The results of a serological test conducted across 69 districts by the Indian Council of Medical Research (ICMR) have indicated that the confirmed numbers of COVID-19 infections reported from the RT-PCR tests are likely an undercount. Serological or antibody tests are not as accurate as the PCR tests, but they are useful indicators of the spread of the novel coronavirus among people. The ICMR study found that 0.73% of the population, examined for antibodies produced specifically for SARS-CoV-2 via an ELISA test , had evidence of past exposure to the virus. In a population with a low infection rate, there is a higher possibility of “false positives” being reported. A number of respondents could have been found to have released antibodies specific to coronaviruses, but without actual exposure to SARS-CoV-2 alone. But the ICMR in its methodology note in a paper in its online publication, Indian Journal of Medical Research , had said that the actual results would account for the limitations of the ELISA test. If this is accepted, then the number of people found to have been exposed to the virus would be 7 lakh people or more, if the overall population of these districts is considered, much higher than the 35,000 people who had tested positive in the entire country during this period. The full paper detailing the results of the study by the ICMR is still not out in the public domain. Serological tests, despite inaccuracies, can be a useful guide of the extent of the infections among vulnerable people and within hot spots, and periodic tests of this kind are a must amid the rise of cases that have now crossed the 3.2 lakh mark. The clear takeaway from this report is not what the Director-General of the ICMR claimed that there is no evidence of “community transmission”, but that there has not been adequate testing by the more accurate RT-PCR method.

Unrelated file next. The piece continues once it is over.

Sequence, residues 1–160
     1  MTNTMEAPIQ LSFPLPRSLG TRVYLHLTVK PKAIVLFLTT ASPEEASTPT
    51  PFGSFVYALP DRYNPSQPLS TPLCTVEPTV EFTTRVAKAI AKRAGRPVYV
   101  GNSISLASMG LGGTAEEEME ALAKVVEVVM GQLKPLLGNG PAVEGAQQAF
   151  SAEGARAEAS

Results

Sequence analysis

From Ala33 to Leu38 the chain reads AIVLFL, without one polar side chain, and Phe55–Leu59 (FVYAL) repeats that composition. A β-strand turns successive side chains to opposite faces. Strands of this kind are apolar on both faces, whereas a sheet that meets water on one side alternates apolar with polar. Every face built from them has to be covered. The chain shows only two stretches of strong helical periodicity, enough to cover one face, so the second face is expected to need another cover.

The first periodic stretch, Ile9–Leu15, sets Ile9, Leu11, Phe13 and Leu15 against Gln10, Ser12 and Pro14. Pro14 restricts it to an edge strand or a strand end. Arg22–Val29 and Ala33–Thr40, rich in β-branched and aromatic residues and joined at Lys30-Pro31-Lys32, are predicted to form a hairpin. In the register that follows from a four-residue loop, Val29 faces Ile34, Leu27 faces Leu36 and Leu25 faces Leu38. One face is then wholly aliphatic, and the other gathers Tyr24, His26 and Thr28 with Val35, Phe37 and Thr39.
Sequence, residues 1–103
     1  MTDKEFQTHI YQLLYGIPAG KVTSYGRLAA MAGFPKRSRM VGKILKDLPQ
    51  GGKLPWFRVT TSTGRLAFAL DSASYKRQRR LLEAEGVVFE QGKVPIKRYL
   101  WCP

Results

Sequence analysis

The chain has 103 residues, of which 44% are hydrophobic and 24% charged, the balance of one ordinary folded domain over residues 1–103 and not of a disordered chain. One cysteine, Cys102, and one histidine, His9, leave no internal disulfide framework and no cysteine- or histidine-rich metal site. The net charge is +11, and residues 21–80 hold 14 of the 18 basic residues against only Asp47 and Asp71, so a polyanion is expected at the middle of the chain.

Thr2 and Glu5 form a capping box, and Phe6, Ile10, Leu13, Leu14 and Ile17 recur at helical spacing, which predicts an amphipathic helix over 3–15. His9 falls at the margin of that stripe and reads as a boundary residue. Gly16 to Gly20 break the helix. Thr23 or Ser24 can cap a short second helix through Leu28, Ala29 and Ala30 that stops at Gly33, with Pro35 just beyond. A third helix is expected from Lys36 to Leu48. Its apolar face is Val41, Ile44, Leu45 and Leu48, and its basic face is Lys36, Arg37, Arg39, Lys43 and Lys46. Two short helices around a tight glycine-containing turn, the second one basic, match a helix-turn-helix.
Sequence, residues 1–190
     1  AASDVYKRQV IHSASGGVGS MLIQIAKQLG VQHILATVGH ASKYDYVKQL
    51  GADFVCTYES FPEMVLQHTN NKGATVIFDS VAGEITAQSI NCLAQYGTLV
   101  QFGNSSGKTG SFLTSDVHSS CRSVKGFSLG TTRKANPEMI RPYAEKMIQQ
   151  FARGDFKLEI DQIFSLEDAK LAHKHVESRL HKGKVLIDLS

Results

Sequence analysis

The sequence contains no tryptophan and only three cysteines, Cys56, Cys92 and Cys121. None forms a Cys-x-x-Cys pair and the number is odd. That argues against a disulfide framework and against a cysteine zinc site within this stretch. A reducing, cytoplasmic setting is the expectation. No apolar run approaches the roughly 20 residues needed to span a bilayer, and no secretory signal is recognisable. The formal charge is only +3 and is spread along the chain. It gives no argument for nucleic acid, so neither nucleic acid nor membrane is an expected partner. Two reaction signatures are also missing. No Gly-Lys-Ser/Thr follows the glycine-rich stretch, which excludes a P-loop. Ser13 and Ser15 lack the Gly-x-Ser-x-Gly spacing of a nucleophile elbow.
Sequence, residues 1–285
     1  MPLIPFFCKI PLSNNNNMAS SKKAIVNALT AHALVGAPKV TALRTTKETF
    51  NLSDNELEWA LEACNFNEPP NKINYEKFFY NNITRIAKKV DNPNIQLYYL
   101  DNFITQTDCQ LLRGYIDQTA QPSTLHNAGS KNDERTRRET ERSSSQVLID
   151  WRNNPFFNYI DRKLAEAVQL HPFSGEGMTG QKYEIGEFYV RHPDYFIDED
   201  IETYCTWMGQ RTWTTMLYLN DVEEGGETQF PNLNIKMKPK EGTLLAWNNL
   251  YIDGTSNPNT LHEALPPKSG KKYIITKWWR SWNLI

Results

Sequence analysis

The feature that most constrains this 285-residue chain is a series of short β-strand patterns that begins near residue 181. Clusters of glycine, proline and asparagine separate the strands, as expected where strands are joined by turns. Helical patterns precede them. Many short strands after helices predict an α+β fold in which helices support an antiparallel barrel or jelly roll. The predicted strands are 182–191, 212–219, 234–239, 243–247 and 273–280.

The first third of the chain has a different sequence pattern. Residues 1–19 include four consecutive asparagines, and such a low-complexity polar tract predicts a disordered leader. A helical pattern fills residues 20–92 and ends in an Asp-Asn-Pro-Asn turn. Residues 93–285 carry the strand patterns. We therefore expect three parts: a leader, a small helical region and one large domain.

While the “lockdown” strategy might have slowed down the rise in cases and fatalities in the early period of the outbreak in the country, the severe effect it had on the economy, besides its uneven implementation in urban areas where physical distancing is a difficult proposition, made it an untenable strategy to pursue over the longer term. India continues to register among the highest daily rises in COVID-19 cases and fatalities world-wide and this has now burdened the health institutions in many urban centres following the easing of the lockdown. Yet, authorities continued to test at relatively low levels with a lot of variance across States. Some States such as Maharashtra and Gujarat have tested at a higher rate (tests per million population) than many others, but have not increased the overall testing to account for the relative rise in the size of the outbreak. Telangana has still not ramped up testing numbers adequately and has been opaque in the release of testing data. Testing, tracing and treatment at a higher order across the population besides measures such as mask wearing and practising hand hygiene, as the experience of several countries that have considerably slowed down the rise in the case count shows, is the clearest way to address the outbreak.